What’s The Best Way to Charge Your EV or Plug-In? Can You Use Solar?

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Intro

An electric car in charging on the street

Charging your plug-in or EV to a standard 120-volt electricity outlet is as easy as charging your smartphone. Using the charging cord that comes with the car, you simply plug in your car, come back several hours later—or the next morning—unplug your car, and drive off.

There are many advantages of this “Level 1” charging. It’s easy. It requires no additional infrastructure—all you need is a regular electricity outlet, which many people have on their porches or patios or in their garages. It takes advantage of “cheap” electricity, the kind that’s available at night when demand is low, so it only costs pennies to fuel your car, rather than the several dollars you pay at the pump. You can even charge the car at the office or at someone else’s home using their standard outlet.

But the biggest downside of using a standard outdoor socket is that the charging time can be very slow. Typically, one hour of charging using a 120v outlet only gets you about 4-5 miles of charge or driving range. If you need to travel 40 miles per day, which is the average commute, and you only have a 120v outlet, you’ll need to plan on 8-10 hours of charging time. But what if you’re taking a road trip? What if you don’t have time to leave the car overnight? Or what if you simply want to speed up the charging process?

Faster Charging

EVSE Using a 220v or 240v outlet – EVSE stands for “electric vehicle service equipment.” It is a device that delivers AC power safely and more quickly than a 120v outlet. Typically, in an hour using an EVSE, you can add between 10 and 25 miles of range, compared to the 4-5 miles of range/hour on a 120v outlet. It could cut your charging time more than in half.

DC Fast Charging – This is sometimes referred to as Level 3 charging (compared to Level 1, the 120v option, and level 2, the 220v option). In this case, the charger delivers a much faster jolt over a shorter period of time. Tesla, Nissan Leaf, the Volkswagen e-Golf, and the BMW i3 all can be “fast charged.” Doing so, they’ll be about 80% charged in around 30 minutes. Here’s a good Here’s a good explanation of exactly how a DC Fast Charger works.

Use a station – Tesla has built its own network of fast-charging stations around the country for its own vehicles to plug into.  The Alternative Fuels Data Center operated by the U.S. Department of Energy also makes it easy to find 15,005 electric stations and 38,870 charging outlets by plugging in your zip code. More and more communities, shopping malls, and chain stores like WalMart, Whole Foods, and Best Buy are installing charging stations as well.

Before buying an electric vehicle, you probably want to take into account how convenient these fast charging stations are where you live and along the route you travel most frequently. You can also have your own installed. The cost will depend on your vehicle and the type of charger you choose. Get advice from the dealer where you purchase your vehicle. Also, check into federal and state tax credits that may be available to help you offset the cost of the charger.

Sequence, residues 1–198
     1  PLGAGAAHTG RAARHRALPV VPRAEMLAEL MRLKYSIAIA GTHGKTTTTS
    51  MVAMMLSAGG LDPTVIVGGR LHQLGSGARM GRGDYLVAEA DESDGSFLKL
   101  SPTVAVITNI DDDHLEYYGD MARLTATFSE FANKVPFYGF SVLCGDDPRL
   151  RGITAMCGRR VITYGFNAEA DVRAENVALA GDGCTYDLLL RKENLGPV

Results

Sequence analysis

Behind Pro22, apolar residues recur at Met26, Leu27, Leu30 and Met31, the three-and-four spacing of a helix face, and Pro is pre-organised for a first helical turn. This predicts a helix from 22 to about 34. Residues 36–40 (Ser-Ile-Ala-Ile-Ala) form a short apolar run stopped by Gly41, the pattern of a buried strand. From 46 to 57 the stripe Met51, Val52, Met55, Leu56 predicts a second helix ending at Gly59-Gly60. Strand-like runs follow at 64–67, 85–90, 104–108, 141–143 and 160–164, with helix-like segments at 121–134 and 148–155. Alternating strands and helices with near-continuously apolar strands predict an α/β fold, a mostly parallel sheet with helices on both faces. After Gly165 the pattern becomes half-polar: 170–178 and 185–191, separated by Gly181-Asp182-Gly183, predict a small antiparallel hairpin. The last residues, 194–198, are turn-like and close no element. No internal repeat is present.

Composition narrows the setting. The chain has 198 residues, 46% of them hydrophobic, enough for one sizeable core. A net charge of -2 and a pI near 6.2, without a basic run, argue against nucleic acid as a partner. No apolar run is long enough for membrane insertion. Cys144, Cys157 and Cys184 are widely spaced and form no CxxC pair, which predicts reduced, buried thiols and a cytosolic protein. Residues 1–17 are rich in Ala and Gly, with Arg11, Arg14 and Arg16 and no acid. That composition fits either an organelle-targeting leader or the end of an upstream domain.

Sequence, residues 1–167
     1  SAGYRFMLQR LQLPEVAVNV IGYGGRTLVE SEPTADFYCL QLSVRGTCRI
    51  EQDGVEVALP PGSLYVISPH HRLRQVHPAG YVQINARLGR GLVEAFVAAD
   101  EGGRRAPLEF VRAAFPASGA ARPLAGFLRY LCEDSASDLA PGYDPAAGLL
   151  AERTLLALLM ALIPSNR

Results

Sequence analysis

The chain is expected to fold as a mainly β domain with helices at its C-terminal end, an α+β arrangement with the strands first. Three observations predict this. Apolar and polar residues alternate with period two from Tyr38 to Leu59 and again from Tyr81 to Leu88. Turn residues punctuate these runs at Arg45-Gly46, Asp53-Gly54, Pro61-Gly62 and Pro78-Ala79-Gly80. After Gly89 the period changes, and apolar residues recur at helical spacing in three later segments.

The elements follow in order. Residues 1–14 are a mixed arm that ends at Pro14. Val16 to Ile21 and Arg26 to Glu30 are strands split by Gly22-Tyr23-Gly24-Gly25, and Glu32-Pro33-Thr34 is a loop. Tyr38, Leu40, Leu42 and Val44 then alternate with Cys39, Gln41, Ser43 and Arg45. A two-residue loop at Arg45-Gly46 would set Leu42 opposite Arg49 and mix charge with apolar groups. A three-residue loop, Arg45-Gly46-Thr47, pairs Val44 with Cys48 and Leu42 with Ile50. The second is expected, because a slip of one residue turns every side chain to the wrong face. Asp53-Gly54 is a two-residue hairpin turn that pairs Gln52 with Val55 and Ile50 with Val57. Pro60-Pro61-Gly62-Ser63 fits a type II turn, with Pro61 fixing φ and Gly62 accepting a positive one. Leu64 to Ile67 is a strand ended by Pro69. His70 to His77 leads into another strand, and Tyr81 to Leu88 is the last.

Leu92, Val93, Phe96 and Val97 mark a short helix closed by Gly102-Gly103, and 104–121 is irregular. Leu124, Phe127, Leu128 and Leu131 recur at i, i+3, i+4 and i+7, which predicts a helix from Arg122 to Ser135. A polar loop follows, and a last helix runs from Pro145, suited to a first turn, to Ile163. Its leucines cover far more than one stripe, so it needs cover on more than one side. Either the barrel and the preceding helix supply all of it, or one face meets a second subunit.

Knoxville, Tennessee USA - November 23, 2015: Chevy Volt electric car at solar charging station.

What About Solar?

In short, the answer is yes, you can use solar to charge your EV. But even though they’re becoming less expensive as installations increase, solar panels can still have high up-front costs. How can you figure out if this is in your price range? First, use a calculator to figure out how many kilowatts of power you need to get from your panels to charge your car.

For example, suppose your car requires 30 kWh of electricity to drive 100 miles, and you drive around 25 miles per day. You’ll use 7.5 kWh of electricity per day, or slightly more than 2,700 kWh of electricity in a given year. If you install a solar system on your home, in addition to meeting your other home electricity needs, your system will need to deliver an additional 2,700 kWh of electricity for your car.

Of course, you can install a solar array only for your car. Either way, you’ll need to pay for the solar panels to generate that electricity. Before jumping to the conclusion that you can power your electric vehicle with solar, do a feasibility study and cost analysis to determine whether you have enough solar exposure for the panels to work efficiently, and at what cost.

Extend the Life of Your EV’s Charge

You can extend the life of your charge by following these simple tips (which help extend the miles per gallon when driving with gas, too).

  • Drive more slowly. It takes more energy to drive faster, no matter what kind of vehicle you drive. Stick to the speed limit (or as close to it as you can to keep up with traffic safely).
  • Know your own car. This may sound obvious, but the way you drive your vehicle will also impact how well it performs. Even though a charge may be projected to last a certain amount of time, if you’re a fast driver who starts and stops a lot and weaves in and out of traffic, you may get fewer miles out of your charge than a driver who is more cautious.
  • Try not to run out of charge. Don’t go below 15 miles of range before recharging your car.
  • Know where you can recharge. If you just drive your vehicle back and forth to work along the same route, you’ll probably have your charging options scoped out. But if you’re traveling in a new area, identify in advance where some charging stations are and plan accordingly. I know one Tesla driver who has mapped out charging stations that are near Starbucks locations. He plans his trips so he can recharge just about when he needs a cup of coffee.

How do you charge your plug-in or EV? Let us know about it in the comments below!